Sun Sentinel: After 20 years, Teacher Gets A Thank You To Remember
- Wednesday, 30 January 2013 23:56
Kevin Dorival, 32, sat before his fifth grade teacher on Friday and handed her one final writing assignment – his first published book – and the biggest thank you a teacher could ask for.
It was the first time in more than 20 years that Sonji Wyche saw her student since he graduated from Park Ridge Elementary School in Deerfield Beach in 1992. But he said her lessons still inspire him, and he thanks her for that in his autobiography, “The Courage to Believe.”
“I’m elated that he thought of me. He didn’t have to remember me,” Wyche, 48, said. “I’ve been thanked before but not this big … I’m honored.”
Dorival said he found Wyche through Facebook. The pair decided to meet on Friday, before Dorival honors her during his book signing Saturday at 2 p.m. at the African-American Research Library in Fort Lauderdale.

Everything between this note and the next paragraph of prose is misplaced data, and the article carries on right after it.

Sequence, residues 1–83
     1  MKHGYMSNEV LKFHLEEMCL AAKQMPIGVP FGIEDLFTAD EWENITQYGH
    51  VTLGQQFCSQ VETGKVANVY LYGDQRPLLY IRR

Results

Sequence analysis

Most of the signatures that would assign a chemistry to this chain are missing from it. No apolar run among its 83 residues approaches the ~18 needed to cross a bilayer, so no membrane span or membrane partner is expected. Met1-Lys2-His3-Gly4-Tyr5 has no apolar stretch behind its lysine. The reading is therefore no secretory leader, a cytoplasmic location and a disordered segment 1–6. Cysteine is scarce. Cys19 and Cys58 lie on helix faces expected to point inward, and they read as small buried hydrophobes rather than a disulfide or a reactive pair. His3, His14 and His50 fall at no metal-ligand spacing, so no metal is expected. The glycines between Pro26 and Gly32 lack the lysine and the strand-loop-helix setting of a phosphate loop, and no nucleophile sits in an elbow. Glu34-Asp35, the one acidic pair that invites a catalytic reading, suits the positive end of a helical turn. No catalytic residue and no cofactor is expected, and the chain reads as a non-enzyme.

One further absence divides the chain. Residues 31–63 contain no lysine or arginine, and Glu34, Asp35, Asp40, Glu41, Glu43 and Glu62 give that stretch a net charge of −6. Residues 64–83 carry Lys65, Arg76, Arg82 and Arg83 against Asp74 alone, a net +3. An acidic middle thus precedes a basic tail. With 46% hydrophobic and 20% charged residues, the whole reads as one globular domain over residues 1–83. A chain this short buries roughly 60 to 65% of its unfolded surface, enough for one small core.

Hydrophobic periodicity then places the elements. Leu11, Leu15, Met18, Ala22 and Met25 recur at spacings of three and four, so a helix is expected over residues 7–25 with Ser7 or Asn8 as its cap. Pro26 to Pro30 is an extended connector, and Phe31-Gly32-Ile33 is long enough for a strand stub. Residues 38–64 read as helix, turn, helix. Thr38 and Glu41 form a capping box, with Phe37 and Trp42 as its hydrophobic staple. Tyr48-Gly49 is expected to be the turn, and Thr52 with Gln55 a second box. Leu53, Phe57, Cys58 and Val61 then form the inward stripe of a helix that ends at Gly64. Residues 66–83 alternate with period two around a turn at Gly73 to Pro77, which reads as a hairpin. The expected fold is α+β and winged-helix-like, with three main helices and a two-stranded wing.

Dorival, a mentor and inspirational speaker, “was always an ‘I can’ and ‘I will’ kid, a very hard worker … he hasn’t changed,” said Wyche, who now teaches at Parkway Middle School in Lauderhill. “Still looks the same, the same smile. He’s just taller, but he’s still shy.” When Dorival was in her class, a large number of students there were facing adversity, said Wyche. She said she taught them “you have to endure,” to always hold their heads up, even if they had to do homework by the moonlight when the lights would go out.
“I felt like I owed her so much. I was a young kid who had a speech impediment and despite my background, she believed in me,” Dorival said. An average student through middle and high school, he went to jail at 21 for attempted burglary and drug possession. During the eight months he spent behind bars, he said Wyche’s lessons really started to make sense to him.
“She was teaching us to take our minds out of our current environment and into somewhere greater … As an adult, it clicked on me what she was trying to do and I realized this wasn’t the way I wanted to live.”
The two reminisced about old teachers, misbehaving students and Wyche’s particular ways in the classroom – “you were stern, definitely, firm,” said Dorival. But he said her teaching stood out – in a good way. He remembers hearing the sounds of Bach and Mozart during class, sitting in high school desks and her surprise visits to his house to meet his parents and check if he was doing his homework.
“She wasn’t teaching for the paycheck, she was teaching to make sure we grew up responsible,” he said.